Lessons from a dirt farmer

So you want to be a farmer? The story of Lee Mink is both real and inspiring. Lee owns Leap Farm, located in Polk County, where he grows over 70 different heirloom varieties of vegetables, fruits, and herbs — on only a couple of acres.

For the past several years, Lee has developed his own strategy for how to maximize profits by developing several streams of income, including value-added products. By selling both direct, wholesale, and retail, he is able to sell every last bit of produce. In fact, he has a method for having everything sold before the seeds even go in the ground. By planting only what he can sell, he doesn’t waste any of the inputs. “The key,” says Lee, “is not to grow too much or too little.”

Leap Farm specializes in organic, bio-diverse, sustainable methods and growing diversity for local markets. Lee insists that at its essence, sustainable farming is all about local service — local farms providing food to local residents and restaurants — so he has chosen to sell his produce within a 25-mile range of the farm. This also enables him to focus on what he does best: paying attention to the details and care for the land like it’s a family member.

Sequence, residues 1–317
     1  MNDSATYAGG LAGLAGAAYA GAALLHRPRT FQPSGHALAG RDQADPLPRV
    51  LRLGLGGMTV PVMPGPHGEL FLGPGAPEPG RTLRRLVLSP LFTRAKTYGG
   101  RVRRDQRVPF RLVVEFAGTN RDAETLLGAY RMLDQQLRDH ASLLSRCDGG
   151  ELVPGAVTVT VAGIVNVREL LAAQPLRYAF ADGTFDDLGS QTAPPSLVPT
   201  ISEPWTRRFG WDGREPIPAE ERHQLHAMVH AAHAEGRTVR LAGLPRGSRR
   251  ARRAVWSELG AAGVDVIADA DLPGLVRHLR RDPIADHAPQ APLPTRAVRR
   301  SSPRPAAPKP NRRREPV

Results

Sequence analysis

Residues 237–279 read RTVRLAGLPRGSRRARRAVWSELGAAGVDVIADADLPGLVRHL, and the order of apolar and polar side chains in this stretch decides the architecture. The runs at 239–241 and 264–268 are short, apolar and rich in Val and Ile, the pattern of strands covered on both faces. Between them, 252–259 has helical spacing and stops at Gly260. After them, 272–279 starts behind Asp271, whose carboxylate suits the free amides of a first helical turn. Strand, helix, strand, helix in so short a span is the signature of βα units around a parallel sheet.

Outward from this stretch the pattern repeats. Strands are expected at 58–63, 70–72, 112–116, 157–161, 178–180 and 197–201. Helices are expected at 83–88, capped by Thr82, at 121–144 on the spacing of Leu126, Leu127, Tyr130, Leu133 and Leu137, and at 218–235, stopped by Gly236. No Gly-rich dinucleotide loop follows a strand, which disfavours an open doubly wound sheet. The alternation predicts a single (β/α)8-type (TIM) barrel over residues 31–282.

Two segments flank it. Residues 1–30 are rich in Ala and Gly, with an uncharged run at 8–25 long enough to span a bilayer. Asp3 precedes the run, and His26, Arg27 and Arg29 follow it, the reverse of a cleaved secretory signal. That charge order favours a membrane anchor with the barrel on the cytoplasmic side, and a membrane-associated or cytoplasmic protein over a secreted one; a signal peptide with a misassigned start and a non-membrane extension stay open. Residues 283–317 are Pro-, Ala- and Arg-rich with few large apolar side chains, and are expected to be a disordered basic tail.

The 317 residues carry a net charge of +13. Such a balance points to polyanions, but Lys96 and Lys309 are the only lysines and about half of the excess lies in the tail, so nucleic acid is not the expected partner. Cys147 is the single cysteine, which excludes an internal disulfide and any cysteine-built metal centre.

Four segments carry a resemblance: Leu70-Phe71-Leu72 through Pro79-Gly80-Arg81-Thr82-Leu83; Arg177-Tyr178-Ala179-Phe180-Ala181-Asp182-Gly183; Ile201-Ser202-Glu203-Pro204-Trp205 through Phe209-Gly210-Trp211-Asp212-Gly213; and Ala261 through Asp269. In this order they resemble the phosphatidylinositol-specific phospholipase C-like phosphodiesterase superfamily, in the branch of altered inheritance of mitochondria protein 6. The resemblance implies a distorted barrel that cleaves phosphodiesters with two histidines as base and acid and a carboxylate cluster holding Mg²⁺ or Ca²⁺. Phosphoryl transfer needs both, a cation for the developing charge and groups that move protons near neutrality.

In fact, Lee considers himself a “dirt farmer” because in order to grow the best produce in the most sustainable way, his job is actually to cultivate the quality and health of the soil. “I’m not taking from the land,” he says, “I’m giving to it. The way to get maximum yield is to put more into the soil than you take out of it.”

We are lucky to have Lee Mink farming in our community and even luckier that he is so willing to share his knowledge and wisdom with the community. He recognizes the trend of returning to the earth, and he knows that once people learn how to make money from the land, more people will take responsibility for its stewardship. And that’s good for everyone.

Lee Mink will be speaking on the topic of “Getting Your Farm To Scale” on Friday, Nov. 9, from 9 a.m.-noon at Mountain BizWorks. Enjoy coffee and refreshments, and meet other farmers during this free networking event. For more information and to RSVP, contact Ashley Epling at 253-2834 ext 27 or ashley@mountainbizworks.org.

Jo Ann Miksa-Blackwell is the director of rural entrepreneurship, and Carol Lynn Jackson is a business developer, both at Mountain BizWorks.

Mountain BizWorks supports small businesses in Western North Carolina through lending, consulting and training. For more information, visit mountainbizworks.org.

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